Is there a point to this rambling about the humble mouse?

Of course!  According to this story, it’s 45 years ago that the mouse was first introduced!

Anyone know where I can buy a good wooden computer mouse?

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4 Comments

  1. I remember my first mouse experience was watching my uncle with his Macintosh. I didn’t use it, though.
    Then there was the Genius three-button mouse – I loved that thing. We eventually downgraded to a two-button mouse, and then eventually a two-button mouse with a scroll-wheel (that was a game-changer, for real!).
    Now my standard mouse has 4 buttons plus a scroll wheel (which both scrolls and tilts). One side button is set to bring up a magnifier and the other toggles “precision mode” (which just slows down my cursor for when I’m working on photos or something).
    I worked with a teacher recently who is uncomfortable with using a mouse, claiming that she’s too used to the touchpad on the laptop. I can’t imagine preferring the touchpad for general use.
    I love my mouse because it’s precise. When I use a touch-enabled device like an iPad I can’t be as accurate. I have a stylus and a finger, and both aren’t pointy enough to make me really accurate on a touchscreen.
    I have a Wacom Bamboo Pen and Touch also (CTH460 – is that your model?), although I would need admin privileges to install the (kinda bloated) software on my work laptop, so it lies idle and forlorn.
    Thanks for the memories, Doug. I also like your chrome mouse, because it shows you taking the picture – a kind of a selfie, I think!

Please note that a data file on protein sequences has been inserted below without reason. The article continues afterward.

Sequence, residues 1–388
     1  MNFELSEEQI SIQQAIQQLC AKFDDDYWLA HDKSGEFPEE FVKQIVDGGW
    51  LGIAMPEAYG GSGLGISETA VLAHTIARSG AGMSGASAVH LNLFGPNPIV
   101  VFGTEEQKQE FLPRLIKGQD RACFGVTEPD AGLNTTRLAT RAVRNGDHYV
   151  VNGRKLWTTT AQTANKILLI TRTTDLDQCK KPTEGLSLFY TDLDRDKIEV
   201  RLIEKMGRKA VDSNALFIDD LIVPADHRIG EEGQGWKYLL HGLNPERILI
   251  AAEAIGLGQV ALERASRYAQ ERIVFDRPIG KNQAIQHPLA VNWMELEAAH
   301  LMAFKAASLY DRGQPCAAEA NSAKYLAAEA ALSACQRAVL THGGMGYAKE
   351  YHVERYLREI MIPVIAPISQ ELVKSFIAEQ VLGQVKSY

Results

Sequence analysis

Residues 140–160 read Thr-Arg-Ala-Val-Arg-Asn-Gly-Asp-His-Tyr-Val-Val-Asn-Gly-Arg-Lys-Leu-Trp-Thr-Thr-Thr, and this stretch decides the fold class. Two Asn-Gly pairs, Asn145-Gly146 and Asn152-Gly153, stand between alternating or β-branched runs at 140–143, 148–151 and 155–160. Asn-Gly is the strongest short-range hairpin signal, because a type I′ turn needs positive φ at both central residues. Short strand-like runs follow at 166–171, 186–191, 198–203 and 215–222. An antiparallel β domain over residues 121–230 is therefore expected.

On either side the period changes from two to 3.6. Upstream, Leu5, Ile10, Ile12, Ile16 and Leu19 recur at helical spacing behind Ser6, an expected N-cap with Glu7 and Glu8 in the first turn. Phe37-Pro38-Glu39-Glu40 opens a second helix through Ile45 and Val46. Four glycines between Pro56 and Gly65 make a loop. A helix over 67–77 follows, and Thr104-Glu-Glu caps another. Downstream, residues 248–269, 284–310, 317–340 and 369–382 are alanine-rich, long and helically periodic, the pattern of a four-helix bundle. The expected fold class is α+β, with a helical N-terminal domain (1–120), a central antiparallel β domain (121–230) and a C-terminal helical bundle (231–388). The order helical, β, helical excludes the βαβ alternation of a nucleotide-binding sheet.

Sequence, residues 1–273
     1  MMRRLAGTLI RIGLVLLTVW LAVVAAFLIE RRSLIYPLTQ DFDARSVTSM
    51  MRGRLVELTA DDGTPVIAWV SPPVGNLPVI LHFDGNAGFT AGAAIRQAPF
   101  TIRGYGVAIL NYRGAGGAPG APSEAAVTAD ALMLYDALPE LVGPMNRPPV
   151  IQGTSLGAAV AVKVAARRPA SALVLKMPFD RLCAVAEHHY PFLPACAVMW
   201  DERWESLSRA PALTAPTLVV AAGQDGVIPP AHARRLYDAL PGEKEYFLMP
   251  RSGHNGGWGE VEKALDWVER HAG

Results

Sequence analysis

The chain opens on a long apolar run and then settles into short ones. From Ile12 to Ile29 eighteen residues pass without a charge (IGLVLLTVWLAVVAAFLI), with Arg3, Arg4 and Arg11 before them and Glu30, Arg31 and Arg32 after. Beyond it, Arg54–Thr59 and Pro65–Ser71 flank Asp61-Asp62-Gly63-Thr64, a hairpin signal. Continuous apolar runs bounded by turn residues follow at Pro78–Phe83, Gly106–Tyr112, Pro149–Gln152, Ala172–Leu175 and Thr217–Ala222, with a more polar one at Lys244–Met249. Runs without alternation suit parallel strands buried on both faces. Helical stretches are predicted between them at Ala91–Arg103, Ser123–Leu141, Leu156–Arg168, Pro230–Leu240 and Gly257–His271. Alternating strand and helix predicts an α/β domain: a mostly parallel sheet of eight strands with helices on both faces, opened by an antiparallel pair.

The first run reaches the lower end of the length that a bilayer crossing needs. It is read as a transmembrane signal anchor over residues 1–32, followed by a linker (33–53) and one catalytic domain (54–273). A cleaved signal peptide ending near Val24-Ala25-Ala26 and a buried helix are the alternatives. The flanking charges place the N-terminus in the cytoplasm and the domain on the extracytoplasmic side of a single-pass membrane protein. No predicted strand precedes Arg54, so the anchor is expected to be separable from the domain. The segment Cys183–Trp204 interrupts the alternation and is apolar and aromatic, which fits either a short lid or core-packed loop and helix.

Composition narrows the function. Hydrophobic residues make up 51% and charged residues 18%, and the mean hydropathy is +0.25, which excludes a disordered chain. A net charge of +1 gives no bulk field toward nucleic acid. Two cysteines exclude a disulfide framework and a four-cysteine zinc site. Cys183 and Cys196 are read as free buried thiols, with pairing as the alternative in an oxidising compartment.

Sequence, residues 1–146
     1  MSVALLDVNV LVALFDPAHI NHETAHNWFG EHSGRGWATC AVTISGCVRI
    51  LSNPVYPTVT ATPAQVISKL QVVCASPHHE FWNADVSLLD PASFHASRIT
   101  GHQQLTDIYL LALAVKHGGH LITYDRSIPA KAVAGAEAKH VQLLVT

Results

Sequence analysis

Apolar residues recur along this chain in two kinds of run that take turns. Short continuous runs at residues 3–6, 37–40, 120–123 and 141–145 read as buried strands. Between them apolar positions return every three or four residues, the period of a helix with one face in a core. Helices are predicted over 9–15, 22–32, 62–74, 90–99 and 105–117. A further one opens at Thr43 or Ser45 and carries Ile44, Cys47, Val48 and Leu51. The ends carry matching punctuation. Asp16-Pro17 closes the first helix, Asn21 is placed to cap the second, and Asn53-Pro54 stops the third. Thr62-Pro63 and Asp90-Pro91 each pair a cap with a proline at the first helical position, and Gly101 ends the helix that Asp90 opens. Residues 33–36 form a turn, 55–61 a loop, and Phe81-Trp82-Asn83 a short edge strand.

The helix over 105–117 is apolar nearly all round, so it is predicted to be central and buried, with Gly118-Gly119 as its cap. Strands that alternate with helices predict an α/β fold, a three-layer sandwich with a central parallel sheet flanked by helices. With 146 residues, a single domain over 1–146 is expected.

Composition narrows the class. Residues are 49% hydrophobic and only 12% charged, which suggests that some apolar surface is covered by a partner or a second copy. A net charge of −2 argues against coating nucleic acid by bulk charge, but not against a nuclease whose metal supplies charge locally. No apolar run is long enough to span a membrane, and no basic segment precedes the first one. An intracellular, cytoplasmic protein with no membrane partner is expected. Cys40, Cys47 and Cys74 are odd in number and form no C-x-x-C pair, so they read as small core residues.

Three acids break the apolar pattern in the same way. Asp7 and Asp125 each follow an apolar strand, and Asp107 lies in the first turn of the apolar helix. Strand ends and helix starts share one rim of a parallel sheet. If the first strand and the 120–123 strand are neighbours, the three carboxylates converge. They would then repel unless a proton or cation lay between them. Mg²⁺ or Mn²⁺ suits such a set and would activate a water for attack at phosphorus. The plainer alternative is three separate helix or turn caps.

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  2. Hi Brandon – yes, my pad is a CTH460 which works beautifully both Windows and Ubuntu. I love it when working with images and I tried to make it a pointing device for default but having to grab the stylus and then put it down all the time prohibited that. My Chrome Mouse is actually a paperweight that I got as a thank you gift from the CSTA. I had a choice of that one or a crystal one from Tiffany’s but thought I’d use that and see if I couldn’t capture a bit of an image on it. You were good to spot that! For daily use, I toggle between a Microsoft Mouse with a scroll wheel or a Logitech cordless, one much like what you’ve described. On my Mac, obviously I use the Magic Mouse, a Christmas gift from my son. I’ve still to find the perfect pointing device for my needs. I like all of what I have but wish that I could take the best features of each and make it into a device. I’m curious as to what type of mouse you use that tilts and scrolls?

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  3. Hey Doug,
    I use a Microsoft Wireless Laser Mouse 5000 that I got in a combo with a Wireless Keyboard 3000 for $40 or so at FutureShop a few years ago. The USB wireless receiver is enormous, but it’s extremely reliable at short range. The tilt comes in handy once in a while, and I like it.
    I suppose I should mention too that the scroll button is clickable as well; mine is set do free-scrolling in any direction as you move away from the “target” that clicking produces.
    I also found my Bamboo worked well under Ubuntu – one of the reasons I tried the OS!